Time for ‘Make in India' to go stronger
Voice and Data|May, 2020
Time for ‘Make in India' to go stronger
The lockdown is a challenge, but it is also an opportunity to strengthen mobile phone manufacturing and making the country a global supply chain hub for electronics
BHUPESH RASEEN

Coronavirus (COVID-19) spread is the biggest threat to the world and the global economy in nearly a century. The virus that originated in China has infected people globally, with several countries and major cities going under lockdown, imposing quarantine measures on the entire population. This has confined citizens to their homes except for essentials and effectively brought normal life to a halt in India as well.

While organizations have rolled out mandatory work-from-home policies to prevent the spread of COVID-19, malls, shopping centres, movie theatres and all public places are temporarily shut in an effort to prevent community transmission of the disease. These limitations are leading to a slowdown in business across all major industries (with the exception of healthcare services) and small business owners are struggling to deal with the situation.

Like most of the sectors, including manufacturing, the mobile phone industry has also been severely impacted by the pandemic and the lockdown that has followed it. With the consumption of such products and services going down, revenues of the companies will soon start to dry up, placing the jobs of millions of workers at a huge risk.

The mobile phone industry in India is also facing the heat and has a rough ride ahead due to the COVID-19 outbreak. India’s share in global smartphone production is set to fall to the levels seen four years back, as factories have halted manufacturing activities due to the lockdown and demand is likely to stay weak till at least July 2020.

It is important to understand that the mobile manufacturing in India was more of an assembly-line scenario rather than full-scale manufacturing, largely dependent on imports of displays, components and semi-knocked down (SKD) kits from China. Only around 10% of the components were indigenous. The business situation can become unfavourable for the mobile phone manufacturing, trading and service ecosystem in India if the current situation persists.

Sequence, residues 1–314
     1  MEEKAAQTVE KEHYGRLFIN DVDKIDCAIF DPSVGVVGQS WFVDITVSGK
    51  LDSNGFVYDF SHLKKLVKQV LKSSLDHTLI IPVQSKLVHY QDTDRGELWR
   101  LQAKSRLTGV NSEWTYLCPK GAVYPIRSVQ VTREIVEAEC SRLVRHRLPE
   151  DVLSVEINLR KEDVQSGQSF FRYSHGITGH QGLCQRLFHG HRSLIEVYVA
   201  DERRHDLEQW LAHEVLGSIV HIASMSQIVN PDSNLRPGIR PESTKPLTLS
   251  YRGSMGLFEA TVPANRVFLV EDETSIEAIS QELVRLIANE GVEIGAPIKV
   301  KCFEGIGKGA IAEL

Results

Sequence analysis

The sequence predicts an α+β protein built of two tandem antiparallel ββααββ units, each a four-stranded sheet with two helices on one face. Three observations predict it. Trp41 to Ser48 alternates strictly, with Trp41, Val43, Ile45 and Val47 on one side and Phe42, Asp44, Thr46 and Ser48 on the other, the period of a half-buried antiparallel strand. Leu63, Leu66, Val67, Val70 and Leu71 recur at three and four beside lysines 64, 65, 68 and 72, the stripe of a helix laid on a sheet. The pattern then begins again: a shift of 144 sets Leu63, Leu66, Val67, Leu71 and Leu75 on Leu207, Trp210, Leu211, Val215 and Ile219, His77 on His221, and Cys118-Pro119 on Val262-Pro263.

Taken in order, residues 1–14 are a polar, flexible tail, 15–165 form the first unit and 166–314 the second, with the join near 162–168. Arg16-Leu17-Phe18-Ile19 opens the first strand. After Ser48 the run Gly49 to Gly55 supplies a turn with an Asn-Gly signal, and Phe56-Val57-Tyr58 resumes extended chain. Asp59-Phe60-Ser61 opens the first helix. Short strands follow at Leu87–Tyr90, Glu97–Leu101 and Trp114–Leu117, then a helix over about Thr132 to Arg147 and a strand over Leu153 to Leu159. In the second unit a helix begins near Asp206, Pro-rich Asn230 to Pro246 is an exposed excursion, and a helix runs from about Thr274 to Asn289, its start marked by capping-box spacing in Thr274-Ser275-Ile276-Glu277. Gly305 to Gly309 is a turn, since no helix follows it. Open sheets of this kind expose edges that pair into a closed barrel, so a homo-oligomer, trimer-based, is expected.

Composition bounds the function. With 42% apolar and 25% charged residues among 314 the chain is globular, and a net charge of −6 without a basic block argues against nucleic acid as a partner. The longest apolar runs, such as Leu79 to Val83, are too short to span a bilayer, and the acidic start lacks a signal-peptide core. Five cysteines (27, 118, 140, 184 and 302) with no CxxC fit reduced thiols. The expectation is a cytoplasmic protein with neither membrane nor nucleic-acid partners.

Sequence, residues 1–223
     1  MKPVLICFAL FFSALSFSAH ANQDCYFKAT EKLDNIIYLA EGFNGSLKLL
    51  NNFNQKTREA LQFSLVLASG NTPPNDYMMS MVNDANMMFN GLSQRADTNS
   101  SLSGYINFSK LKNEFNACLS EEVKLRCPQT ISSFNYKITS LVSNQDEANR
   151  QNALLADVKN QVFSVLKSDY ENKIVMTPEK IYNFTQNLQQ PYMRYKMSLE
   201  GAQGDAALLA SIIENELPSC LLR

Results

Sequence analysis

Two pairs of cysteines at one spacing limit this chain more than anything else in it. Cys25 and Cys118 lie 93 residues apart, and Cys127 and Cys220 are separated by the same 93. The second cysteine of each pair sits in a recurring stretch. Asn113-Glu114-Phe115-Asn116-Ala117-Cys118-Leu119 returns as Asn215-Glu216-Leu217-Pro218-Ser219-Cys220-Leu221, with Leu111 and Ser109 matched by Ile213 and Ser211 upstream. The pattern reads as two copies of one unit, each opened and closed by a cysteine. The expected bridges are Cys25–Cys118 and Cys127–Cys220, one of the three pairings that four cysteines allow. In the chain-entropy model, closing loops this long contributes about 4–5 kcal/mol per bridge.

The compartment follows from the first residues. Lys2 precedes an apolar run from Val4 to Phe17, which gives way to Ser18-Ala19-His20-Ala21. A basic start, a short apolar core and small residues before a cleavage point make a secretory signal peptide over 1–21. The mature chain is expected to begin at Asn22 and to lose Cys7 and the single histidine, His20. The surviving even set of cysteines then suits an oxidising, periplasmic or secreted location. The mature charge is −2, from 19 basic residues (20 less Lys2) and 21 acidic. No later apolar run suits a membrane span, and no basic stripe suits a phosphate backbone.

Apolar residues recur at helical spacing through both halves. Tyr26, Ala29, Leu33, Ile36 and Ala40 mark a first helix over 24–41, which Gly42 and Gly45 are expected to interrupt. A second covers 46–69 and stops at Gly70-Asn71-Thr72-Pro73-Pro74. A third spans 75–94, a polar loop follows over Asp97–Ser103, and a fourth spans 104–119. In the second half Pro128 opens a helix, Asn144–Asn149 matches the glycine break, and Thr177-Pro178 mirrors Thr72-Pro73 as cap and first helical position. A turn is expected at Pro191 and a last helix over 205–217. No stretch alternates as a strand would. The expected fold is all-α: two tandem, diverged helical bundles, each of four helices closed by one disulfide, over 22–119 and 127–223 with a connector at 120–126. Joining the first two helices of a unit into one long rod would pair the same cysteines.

The import and transportation of various components for assembling mobile phones, tools and dies, machinery and robotic equipment are badly affected and there is no certainty for how long this situation might prevail. Electronic component supply chains that were heavily dependent on China and other South-East Asian nations have been severely impacted. The most important resource required for building technologically advanced products—qualified and trained manpower—are scared to even step out of their homes.

The COVID-19 outbreak has presented new and unmapped roadblocks for the India mobile phone and ESDM industry, causing a disruptive impact on players both large and small. There is an urgent need to take firm steps to address the pain areas of industry, channel partners and service establishments. To support the industry the government needs to ensure ease of doing business, provide support to small business for maintaining cash flow and announce relief measures for corporate taxes to enable liquidity management.

Improve ease of doing business, resolve regulatory bottlenecks

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May, 2020